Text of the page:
Ahoy, Oh Boy
It's doubtful Robert Louis Stevenson imagined his Treasure Island populated by cyborgs and scored to Goo Goo Dolls outtakes. And one has to wonder what the author would have made of his characters being turned into talking and walking dogs and cats who (gulp!) copulate and reproduce mangy hybrids. Far as I recall, there were no galaxy-galloping black holes in the original tale, no crescent-moon space stations, no ships sailing on cosmic winds, no room-sized hologram maps of buried treasure, no shape-shifting green blobs with impish personalities. But why squabble over trifles when there's great fun to be had aboard Disney's latest bit of giddy revisionist animation?
Treasure Planet may not be a classic, yet it's one more bit of Classics Illustrated to be plundered by Michael Eisner's pirates, joining the likes of last year's Atlantis: The Lost Empire, Tarzan, The Hunchback of Notre Dame, and Pocahontas, among other famous tales and myths writ big, bold, bright, and deafening just in time for the holidays.
Without question, Treasure Planet dazzles and delights, like a billion bits of gold bullion strewn about the caves of a rampaging buccaneer. The movie makes tangible the imagination, even if it also serves to do all our thinking and dreaming and oohing and aahing for us. This is why kids will never again read anything, save for Harry Potter doorstops; how can black words on a white page ever live up to their expectations of the wide screen (or, in the case of this film, the IMAX screen)? Even Disney is aware of this, though we're not sure what to make of the opening scenes in which young Jim Hawkins (voiced by Austin Majors, later by Third Rock from the Sun's Joseph Gordon-Levitt when he turns 15) is seen "reading" a three-dimensional pop-up book that looks just like the film we're about to see. It doesn't feel like a knowing joke, nor does most of the movie, which takes its broad comic cues from Frasier's David Hyde Pierce as the clumsy, canine-featured Doctor Doppler and Martin Short's obnoxious B.E.N., a robot who appears to be the distant cousin of Futurama's wise-cracking Bender. In an almost-great film, they merely grate.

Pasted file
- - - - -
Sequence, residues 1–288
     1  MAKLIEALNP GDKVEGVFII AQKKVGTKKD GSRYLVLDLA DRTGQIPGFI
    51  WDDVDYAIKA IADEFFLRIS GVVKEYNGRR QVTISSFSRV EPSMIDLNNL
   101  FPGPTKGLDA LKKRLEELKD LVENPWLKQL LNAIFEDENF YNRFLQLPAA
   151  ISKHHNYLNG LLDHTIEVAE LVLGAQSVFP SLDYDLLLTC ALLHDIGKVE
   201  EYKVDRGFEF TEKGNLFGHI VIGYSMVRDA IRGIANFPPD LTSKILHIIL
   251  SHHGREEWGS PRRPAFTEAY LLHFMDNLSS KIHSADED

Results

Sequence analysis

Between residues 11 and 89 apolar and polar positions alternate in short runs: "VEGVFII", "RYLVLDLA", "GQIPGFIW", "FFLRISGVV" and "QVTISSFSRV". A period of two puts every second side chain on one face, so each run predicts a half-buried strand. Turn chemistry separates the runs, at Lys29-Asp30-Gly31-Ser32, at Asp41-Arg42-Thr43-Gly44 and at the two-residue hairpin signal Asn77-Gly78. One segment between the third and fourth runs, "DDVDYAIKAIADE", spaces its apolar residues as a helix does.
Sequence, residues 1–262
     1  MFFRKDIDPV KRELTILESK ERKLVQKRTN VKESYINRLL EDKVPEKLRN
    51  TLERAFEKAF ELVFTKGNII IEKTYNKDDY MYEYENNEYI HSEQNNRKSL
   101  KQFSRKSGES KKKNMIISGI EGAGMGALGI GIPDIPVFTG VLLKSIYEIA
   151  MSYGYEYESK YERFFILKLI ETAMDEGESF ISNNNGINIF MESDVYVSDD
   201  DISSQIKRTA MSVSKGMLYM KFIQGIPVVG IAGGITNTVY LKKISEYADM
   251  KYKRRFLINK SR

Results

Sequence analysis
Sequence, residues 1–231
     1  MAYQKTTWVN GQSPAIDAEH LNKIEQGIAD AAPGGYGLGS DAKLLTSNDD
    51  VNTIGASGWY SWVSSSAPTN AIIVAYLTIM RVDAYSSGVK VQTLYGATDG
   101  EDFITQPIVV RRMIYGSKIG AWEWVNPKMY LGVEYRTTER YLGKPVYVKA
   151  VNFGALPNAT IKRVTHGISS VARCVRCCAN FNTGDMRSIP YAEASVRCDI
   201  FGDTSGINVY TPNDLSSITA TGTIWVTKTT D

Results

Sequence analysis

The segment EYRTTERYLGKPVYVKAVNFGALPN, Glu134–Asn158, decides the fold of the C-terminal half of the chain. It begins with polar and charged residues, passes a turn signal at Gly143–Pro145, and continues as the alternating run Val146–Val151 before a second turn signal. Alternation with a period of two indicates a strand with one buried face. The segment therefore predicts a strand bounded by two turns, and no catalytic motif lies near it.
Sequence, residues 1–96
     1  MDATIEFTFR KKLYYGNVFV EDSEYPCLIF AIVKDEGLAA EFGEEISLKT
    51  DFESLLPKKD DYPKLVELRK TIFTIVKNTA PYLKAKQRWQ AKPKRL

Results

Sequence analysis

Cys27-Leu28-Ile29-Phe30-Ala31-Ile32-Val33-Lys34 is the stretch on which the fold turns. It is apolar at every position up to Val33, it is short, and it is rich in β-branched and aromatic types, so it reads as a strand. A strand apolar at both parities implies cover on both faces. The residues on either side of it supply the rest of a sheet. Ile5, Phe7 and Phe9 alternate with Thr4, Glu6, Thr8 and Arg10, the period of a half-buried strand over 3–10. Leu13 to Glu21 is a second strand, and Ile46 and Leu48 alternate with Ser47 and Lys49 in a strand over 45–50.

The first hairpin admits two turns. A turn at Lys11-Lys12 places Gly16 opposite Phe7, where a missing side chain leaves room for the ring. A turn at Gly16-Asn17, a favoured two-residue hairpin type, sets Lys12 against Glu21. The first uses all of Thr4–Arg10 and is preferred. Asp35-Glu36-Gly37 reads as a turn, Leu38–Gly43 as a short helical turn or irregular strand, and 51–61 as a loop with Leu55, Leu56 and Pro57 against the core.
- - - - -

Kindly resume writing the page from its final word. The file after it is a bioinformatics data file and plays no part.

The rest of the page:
Based on the novel Treasure Island by Robert Louis Stevenson. Rated PG.
Once more, in Disneyland, ours is a protagonist from a broken home: Jim's dad has disappeared, and his put-upon mother, Sarah (Laurie Metcalf), is stuck running a pitiful inn -- running it straight into the ground. Jim is as reckless as he is restless, piloting his airborne surfboard into endless trouble with robocops; he's not a little bit reminiscent of Luke Skywalker, hoping to pilot his bored behind off the miserable rock he calls home.
He gets his chance when a monstrous stranger deposits an orb that casts a magnificent treasure map, his golden ticket to endless riches. It also comes with a warning to beware the cyborg, which turns out to be one John Silver (Brian Murray), not merely a villain but also Jim's would-be surrogate father -- the Darth to his Luke, a not entirely inappropriate comparison in a film that gleams and glistens like the Star Wars prequels and comes with its own star port populated by intergalactic freakies. There's also a would-be mother, Captain Amelia (Emma Thompson), who's quite the pussycat, dolled up in thigh-high boots and an imperious wardrobe that suggests she's quite good at purring orders.
Unlike, say, Atlantis, with its cobbled-together mythology, Treasure Planet offers no narrative surprise; it's a boy-seeks-treasure tale even older than Harrison Ford. But co-directors and writers John Musker and Ron Clements (The Little Mermaid, Aladdin, Hercules) doll it up so marvelously that you're sucked into the screen and forced to confront the fact that at their best, these filmmakers can make the two-dimensional astonishingly warm and full-bodied (rare is the cartoon populated by characters you actually care about). It's Captain Blood by way of N.C. Wyeth (who illustrated one of the myriad versions of Treasure Island) by way of Nintendo, a ride at a theme park crafted grand and glorious by men who know how to dust off musty epics and render them spectacular. If only someone would have pushed John Rzeznik, provider of bad alterna-ballads, and Martin Short off a very short plank; then, you'd really have something.
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